Don’t look now, but the “main flow” of honey is right around the corner. It’s time now to prepare by turning your attention to hive maintenance.

In January and February, be sure to check your hives periodically to see if supplemental feeding is required. Colonies tend to be a little light this time of year. If a colony needs a boost, place hives close to a pollen or nectar source for nutritional support. Monitoring pests during this month is also key to keeping colonies healthy. Varroa mites can still be an issue, even now that the peak activity period has pasted. Treat hives if varroa levels reach 3%. Use the 3 mites per 100 method to evaluate by using either the alcohol wash or the sugar shake methods. See the links below for more information or ask your local county extension agent about testing procedures.

Figure 1: Taking samples of honey bees from a comb for varroa testing.  Credit: UF/IFAS Honey Bee Lab

So, what if you meet or pass the threshold for varroa infestation? Not to worry, there are viable treatment options such as, Apiguard, Apistan, Apivar, Hopguard, and Mite Away. As always when applying an insecticide, read the label carefully.

Treating colonies for Nosema should be another point of emphasis this time of year. Nosema is a gut disease and can devastate a colony. Evidence suggests that proper nutrition with regular feeding has been shown to reduce Nosema effects. If a treatment is needed, Fumagilin is the preferred option. Colonies can be reevaluated for Nosema spore count a few weeks after treatment.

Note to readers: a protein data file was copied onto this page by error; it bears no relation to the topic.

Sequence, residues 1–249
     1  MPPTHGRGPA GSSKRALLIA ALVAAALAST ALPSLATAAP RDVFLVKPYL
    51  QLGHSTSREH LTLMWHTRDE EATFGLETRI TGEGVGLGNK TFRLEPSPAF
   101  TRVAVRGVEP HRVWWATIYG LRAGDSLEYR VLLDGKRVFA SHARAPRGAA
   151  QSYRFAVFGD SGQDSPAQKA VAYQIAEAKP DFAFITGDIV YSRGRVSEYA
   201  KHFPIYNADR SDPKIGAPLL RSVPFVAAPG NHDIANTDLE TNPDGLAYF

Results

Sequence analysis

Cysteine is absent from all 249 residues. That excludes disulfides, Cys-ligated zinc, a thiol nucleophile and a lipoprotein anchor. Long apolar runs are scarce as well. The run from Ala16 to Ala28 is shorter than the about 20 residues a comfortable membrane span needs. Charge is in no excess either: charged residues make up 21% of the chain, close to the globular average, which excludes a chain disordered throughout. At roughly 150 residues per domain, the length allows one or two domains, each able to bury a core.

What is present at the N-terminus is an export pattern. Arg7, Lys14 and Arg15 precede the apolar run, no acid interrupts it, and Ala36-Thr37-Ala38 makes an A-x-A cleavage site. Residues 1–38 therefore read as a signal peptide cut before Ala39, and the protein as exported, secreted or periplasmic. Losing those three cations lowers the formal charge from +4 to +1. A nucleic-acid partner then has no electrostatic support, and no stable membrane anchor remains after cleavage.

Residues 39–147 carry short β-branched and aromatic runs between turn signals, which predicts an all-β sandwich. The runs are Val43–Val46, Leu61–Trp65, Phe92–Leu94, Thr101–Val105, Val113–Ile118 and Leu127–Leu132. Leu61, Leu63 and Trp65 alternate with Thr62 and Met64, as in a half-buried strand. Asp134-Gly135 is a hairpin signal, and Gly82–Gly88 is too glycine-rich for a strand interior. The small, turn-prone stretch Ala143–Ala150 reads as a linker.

This is also a good time to be in equipment maintenance mode. Take inventory of your supplies and order what you need for the upcoming season. Repair or paint your woodenware.

By March, colonies should be growing at a steady rate, but keep an eye on swarming activity and control as soon as possible. At this point, it is also the time to add supers and make nucs/splits. After that, it’s time to map out your strategy on hive placement for the season.

Following these hive management measures will help ensure your honey production will yield great results year after year. Call your local County Extension Office for more details.

More information can be found in the following publication links:
Florida Beekeeper Management Calendar
Varroa mite sampling method procedures
Tools for Varroa Management
How to Quantify Nosema Spores Infection Rate in a Honey Bee Colony
Nosema Symptoms in Honey Bee Colonies (video)
The Benefits of Pollen to Honey Bees
Swarm Control for Managed Beehives
Preserving Woodenware in Beekeeping Operations